February 18, 2018
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Risky business: Bill puts Maine’s credit rating on the line

Maine’s good name — our credit rating — is at risk, and along with it our ability to build a stronger economy.

In February, Fitch Ratings Inc., one of the most influential credit rating agencies, changed its outlook for Maine’s creditworthiness from “stable” to “negative,” putting the state on notice that our high AA+ rating is in danger of being downgraded. Fitch warned that their rating “is dependent upon the state’s ability to … meaningfully rebuild reserves depleted during the recession.”

Unfortunately, the Legislature’s Appropriations Committee is considering a bill, LD 849, that would jeopardize Maine’s credit rating by doing the very thing Fitch warns against.

The state’s credit rating drives our ability and cost to borrow for investments in roads and bridges, water systems, telecommunications, schools and research centers, and other public assets on which our economy depends. These are crucial investments that create jobs and a more competitive business climate.

The higher our credit rating, the lower our interest rates. Maine always has maintained strong credit ratings because of our low debt ratios and rapid repayment of general obligation bonds relative to other states. We pay in 10 years where other states take twenty. Maine’s historically good credit rating is in danger if lawmakers give final approval to LD 849.

Credit rating agencies such as Fitch, Moody’s and Standard & Poor’s evaluate Maine’s financial management practices and assign a credit rating. That rating tells the world whether the state is a good credit risk. Just like when you apply for a loan and your banker looks at your personal credit score, if your score is low, you either can’t get a loan or you pay more in interest.

Rating companies like stability and predictability. As with a home loan, they want to know that the state can pay off its debt (sufficient income to meet needs), that it has collateral for emergencies (reserves), and that it takes care of what it already owns (roads, bridges, buildings in good repair). But LD 849 would drain state revenues, making Maine unable to cover its obligations, and deplete state reserves.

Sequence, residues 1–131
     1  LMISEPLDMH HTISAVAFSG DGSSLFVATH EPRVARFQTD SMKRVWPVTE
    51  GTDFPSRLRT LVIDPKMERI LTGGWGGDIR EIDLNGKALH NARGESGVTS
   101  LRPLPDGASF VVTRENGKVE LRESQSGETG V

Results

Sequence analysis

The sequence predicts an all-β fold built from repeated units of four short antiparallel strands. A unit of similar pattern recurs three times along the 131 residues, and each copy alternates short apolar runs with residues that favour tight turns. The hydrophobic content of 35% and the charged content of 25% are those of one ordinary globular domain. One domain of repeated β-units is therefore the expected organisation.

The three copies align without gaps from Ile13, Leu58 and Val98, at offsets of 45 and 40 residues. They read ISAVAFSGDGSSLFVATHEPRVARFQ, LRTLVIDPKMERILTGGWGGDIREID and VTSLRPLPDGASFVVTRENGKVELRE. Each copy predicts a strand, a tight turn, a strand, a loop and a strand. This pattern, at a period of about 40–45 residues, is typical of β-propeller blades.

Combined with deferred maintenance on much of the state’s infrastructure, LD 849 will make it very difficult if legislators want to maintain or improve the state’s credit rating.

LD 849 would reduce the amount the state puts into reserves at the end of the year and use that money to lower income taxes permanently. This immediately raises red flags for the rating agencies. Rating agencies don’t like “time bomb” tax cuts such as those being proposed. In September 2011, Moody’s pointed out that “tax changes leading to revenue reductions leave [Maine] vulnerable.” Lowering tax rates without a plan for how to replace lost revenue, as was done last year and is proposed in LD 849, is a poor way to do business.

Faced with lost revenue, there are two alternatives — cut services such as police protection, snowplowing and education, all of which threaten our families’ safety and make it harder for our kids to get good jobs; or shift the cost of providing these vital services to property tax payers. Either way, Maine loses.

Gov. Paul LePage has said repeatedly that the state can’t afford to finance construction needs and other economic investments, but the credit rating agencies disagree. In fact, they consider maintaining physical infrastructure to be good financial management. To do otherwise creates a backlog that the state never will be able to erase and undermines budget stability and predictability.

Standard & Poor’s said in an October 2011 credit report for Maine, “We view the lack of a formal and detailed capital planning process as a constraining factor,” meaning Maine does not do a good job of anticipating and meeting our needs for roads and bridges, clean drinking water and modern schools. The governor’s refusal to issue bonds is an extreme case of poor planning, particularly when interest rates are at historic lows and our ability to borrow is well-documented.

Maine cannot afford LD 849. It is a risky proposal that will undermine the state’s credit rating, resulting in higher interest rates and ultimately higher costs to taxpayers. It will jeopardize our ability to provide basic public services on which families and businesses rely. It will erode the quality of our schools, transportation system, communications network and other job-creating assets.

Instead Maine should take every opportunity to build its reserves and make badly needed improvements in roads, utilities, education and other key ingredients of a strong economy. It took decades to build Maine’s solid financial reputation. Let’s not ruin it with LD 849.

Jody Harris is a policy analyst with the Maine Center for Economic Policy.

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